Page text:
In those localities there were reports that people who had lost crops and were preparing to leave the state were now staying because of employment opportunities afforded by the new arrivals. Estimating the purchases of equipment and new construction at double that of the price of land, the claim can be made that the Russian-Germans brought over $1,000,000 into a nearly destitute state in the last half of 1874. [62]

An article written by "Traveler," published in November, emphasized the surprising prosperity of that region of the state:

A ride over Marion county showed a very large breadth of fall grain in better condition than I have ever seen. . . .

Commercially, Peabody is one of the most promising little towns on the line of the A. T. & S. F. road, and socially and morally is one of the pleasantest towns in the state. . . .

From Peabody I passed on to Harvey county and found the same evidence of prosperity there that I found in Marion. . . . The merchants in Newton say that their business continues good. [63]

And on November 17, the Commonwealth quipped: "Anarchy has been revived in Arkansas, creation in Ohio, the crusade in Indiana, and business in Kansas."

Although the Russian-Germans were not the only immigrants to come to Kansas in 1874-1877, they were definitely among the first in key agricultural areas, and where they went others followed. Mennonites from eastern states, especially Illinois, joined the settlements in Harvey and McPherson counties:

For two or three days past very many wagons filled with emigrants have passed through the streets of Topeka bound south. The tide seems to have turned, heretofore wagons were going out of the state; but there seems to be about as many coming in. [64]

Obviously, some Kansans saw a connection between the arrival of the Russian-Germans and the wave of other settlers coming into the state.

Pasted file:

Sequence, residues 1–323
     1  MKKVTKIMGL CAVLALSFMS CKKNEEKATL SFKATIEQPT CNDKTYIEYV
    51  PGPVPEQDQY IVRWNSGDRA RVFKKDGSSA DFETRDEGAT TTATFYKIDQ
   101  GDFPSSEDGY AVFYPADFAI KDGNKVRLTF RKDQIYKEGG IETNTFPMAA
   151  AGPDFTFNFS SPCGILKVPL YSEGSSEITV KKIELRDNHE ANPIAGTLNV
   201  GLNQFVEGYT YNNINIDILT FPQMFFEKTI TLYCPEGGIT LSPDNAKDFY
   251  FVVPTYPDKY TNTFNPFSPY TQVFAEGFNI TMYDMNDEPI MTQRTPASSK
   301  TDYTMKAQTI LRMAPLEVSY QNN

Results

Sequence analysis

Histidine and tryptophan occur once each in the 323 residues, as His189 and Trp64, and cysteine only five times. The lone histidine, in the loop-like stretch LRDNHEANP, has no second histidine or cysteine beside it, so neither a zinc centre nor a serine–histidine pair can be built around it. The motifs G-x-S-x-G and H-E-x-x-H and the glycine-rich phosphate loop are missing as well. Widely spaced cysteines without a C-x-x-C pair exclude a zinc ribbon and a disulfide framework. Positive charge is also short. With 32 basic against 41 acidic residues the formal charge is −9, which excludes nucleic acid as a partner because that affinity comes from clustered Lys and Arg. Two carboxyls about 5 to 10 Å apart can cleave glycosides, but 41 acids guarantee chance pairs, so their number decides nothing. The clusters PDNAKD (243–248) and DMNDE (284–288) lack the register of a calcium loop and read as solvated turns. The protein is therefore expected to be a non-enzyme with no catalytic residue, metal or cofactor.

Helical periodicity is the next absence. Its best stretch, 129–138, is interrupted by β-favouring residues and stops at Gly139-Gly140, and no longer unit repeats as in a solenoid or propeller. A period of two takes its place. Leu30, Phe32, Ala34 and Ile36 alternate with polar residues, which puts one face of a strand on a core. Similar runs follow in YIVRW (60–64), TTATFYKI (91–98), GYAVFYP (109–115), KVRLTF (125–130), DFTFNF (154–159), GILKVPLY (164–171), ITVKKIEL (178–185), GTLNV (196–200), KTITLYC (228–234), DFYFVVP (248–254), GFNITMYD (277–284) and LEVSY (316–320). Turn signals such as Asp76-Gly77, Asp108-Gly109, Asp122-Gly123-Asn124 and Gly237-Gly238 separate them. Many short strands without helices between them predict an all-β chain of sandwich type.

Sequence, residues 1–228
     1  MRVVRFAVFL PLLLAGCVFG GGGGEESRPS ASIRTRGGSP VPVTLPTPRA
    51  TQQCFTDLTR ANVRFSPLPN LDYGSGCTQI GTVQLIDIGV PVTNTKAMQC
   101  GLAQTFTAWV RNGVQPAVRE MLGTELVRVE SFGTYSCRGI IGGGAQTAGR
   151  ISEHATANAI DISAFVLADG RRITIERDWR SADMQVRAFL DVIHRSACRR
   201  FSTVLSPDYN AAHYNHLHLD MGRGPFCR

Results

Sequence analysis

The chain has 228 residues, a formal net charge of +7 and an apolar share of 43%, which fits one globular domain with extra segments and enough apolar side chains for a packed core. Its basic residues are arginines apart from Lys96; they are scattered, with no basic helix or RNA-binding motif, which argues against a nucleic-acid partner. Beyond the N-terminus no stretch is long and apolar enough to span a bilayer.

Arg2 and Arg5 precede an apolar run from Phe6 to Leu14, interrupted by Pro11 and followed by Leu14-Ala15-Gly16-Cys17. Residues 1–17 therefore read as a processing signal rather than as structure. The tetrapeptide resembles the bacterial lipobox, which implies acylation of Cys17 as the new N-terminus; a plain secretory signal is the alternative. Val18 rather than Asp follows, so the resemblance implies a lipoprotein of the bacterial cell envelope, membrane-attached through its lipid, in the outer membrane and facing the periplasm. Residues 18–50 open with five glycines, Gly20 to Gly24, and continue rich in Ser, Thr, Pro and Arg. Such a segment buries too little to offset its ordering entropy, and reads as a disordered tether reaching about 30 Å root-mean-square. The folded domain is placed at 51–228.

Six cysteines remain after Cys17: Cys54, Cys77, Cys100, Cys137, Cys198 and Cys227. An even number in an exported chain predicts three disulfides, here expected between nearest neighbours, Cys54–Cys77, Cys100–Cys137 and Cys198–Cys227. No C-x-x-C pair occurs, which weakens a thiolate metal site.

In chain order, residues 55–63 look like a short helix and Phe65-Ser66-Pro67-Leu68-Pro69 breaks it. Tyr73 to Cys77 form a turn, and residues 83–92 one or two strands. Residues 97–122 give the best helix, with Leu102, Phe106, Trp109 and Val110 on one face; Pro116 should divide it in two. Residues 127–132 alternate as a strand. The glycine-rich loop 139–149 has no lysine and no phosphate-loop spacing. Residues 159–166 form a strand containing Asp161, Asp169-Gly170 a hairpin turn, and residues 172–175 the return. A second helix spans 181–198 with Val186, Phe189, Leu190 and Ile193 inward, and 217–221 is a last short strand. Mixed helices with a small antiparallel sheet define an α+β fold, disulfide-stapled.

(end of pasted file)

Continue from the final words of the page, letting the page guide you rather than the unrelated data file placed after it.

The Chicago Tribune, after reprinting a long article on the Russian-German Mennonites from the Commonwealth, added:

The importance of this valuable accession to the wealth and industry of Kansas can hardly be overestimated. The emigration will probably be completed next year, and will add to the population of Kansas two thousand of the most skillful, intelligent and thrifty farmers upon the face of the globe, who will bring into speedy cultivation 100,000 acres of wild and rice prairie land, which will be broken for the first time this fall. [65]

And a tendency to carry this to romantic extremes also prevailed:

The mowers that had been laid by for the season are brought into requisition again to cut the waving grass for the thousands of work horses, oxen, and milch cows to subsist on during the short winter season; car load after car load of breaking plows and other implements are sent down the road, and it seems as if the working season for the farmer had just begun. The wild prairie is to be broken doubly deep in October, yet to receive a dressing of wheat and rye. No one thinks of drouth and grasshoppers everybody is happy and energetic, and hope and energy will find their reward. [66]